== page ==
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From Middle English cerymonye, from Latin caerimonia or caeremonia, later often cerimonia (sacredness, reverence, a sacred rite).



ceremony (plural ceremonies)

  1. A ritual, with religious or cultural significance.
  2. An official gathering to celebrate, commemorate, or otherwise mark some event.
  3. (uncountable) A formal socially established behaviour, often in relation to people of different ranks; formality.
  4. (uncountable) Show of magnificence, display, ostentation.
    • 1667, John Milton, “Book I”, in Paradise Lost. A Poem Written in Ten Books, London: [] [Samuel Simmons], [], OCLC 228722708; republished as Paradise Lost in Ten Books: [], London: Basil Montagu Pickering [], 1873, OCLC 230729554, lines 752-756:
      Meanwhile the winged Heralds, by command
      Of sovereign power, with awful ceremony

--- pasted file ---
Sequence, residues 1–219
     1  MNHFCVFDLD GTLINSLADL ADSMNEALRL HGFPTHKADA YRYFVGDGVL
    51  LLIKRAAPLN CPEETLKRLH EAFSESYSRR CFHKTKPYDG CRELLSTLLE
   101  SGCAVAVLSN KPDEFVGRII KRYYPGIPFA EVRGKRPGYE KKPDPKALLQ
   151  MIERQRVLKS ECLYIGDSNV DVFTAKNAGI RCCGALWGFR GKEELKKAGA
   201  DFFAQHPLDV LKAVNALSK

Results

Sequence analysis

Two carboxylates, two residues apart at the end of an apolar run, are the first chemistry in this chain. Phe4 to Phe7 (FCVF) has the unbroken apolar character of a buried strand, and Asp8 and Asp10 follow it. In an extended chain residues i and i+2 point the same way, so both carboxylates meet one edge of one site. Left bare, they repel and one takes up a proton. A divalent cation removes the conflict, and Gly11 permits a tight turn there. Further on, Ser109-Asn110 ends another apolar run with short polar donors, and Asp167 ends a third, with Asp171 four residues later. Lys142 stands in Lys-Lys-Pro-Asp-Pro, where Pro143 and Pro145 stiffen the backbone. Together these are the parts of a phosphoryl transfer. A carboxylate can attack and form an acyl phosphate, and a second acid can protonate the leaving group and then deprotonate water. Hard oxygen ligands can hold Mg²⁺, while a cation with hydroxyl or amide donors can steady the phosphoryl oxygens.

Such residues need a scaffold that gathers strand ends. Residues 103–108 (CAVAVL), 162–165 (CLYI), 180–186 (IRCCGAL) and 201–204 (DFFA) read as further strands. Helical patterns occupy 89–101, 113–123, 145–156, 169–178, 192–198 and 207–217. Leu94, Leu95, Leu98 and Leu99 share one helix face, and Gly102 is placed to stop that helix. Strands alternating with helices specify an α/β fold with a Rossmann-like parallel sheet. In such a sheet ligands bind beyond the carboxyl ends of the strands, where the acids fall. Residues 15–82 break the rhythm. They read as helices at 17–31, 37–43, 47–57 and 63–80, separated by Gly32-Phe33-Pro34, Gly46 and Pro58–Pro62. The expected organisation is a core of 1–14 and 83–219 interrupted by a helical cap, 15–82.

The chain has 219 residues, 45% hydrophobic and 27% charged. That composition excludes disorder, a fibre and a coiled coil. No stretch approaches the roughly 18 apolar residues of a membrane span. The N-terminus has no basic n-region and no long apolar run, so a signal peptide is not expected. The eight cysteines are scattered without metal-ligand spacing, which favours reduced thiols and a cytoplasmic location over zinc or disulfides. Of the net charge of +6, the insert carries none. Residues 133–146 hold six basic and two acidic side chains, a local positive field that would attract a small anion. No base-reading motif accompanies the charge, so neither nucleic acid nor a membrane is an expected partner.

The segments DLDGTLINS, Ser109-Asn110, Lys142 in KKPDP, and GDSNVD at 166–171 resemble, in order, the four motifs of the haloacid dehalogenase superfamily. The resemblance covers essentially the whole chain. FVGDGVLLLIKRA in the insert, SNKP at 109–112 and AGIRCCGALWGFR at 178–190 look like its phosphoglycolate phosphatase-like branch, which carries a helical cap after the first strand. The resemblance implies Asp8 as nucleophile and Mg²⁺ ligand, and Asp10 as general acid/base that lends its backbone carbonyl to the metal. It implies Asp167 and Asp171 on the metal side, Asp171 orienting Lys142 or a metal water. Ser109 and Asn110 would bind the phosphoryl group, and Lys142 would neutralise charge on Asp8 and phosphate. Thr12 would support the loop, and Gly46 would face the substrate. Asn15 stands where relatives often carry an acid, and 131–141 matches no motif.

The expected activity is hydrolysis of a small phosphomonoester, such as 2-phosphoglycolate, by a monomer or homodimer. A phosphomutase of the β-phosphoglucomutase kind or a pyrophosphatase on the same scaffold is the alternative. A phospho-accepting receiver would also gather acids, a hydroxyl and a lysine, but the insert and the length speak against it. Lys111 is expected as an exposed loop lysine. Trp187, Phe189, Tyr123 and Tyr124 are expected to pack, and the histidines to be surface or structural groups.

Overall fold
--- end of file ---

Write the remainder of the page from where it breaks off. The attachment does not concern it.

And trumpet’s sound, throughout the host proclaim
      A solemn council forthwith to be held
      At Pandemonium []
    • 1829, Washington Irving, A Chronicle of the Conquest of Granada, Philadelphia: Carey, Lea & Carey, Volume II, Chapter 46, p. 254,[4]
      Immediately after her arrival, the queen rode forth to survey the camp and its environs: wherever she went, she was attended by a splendid retinue; and all the commanders vied with each other, in the pomp and ceremony with which they received her.
  5. (obsolete) An accessory or object associated with a ritual.
  6. (obsolete) An omen or portent.

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Middle English[edit]



  1. Alternative form of cerymonye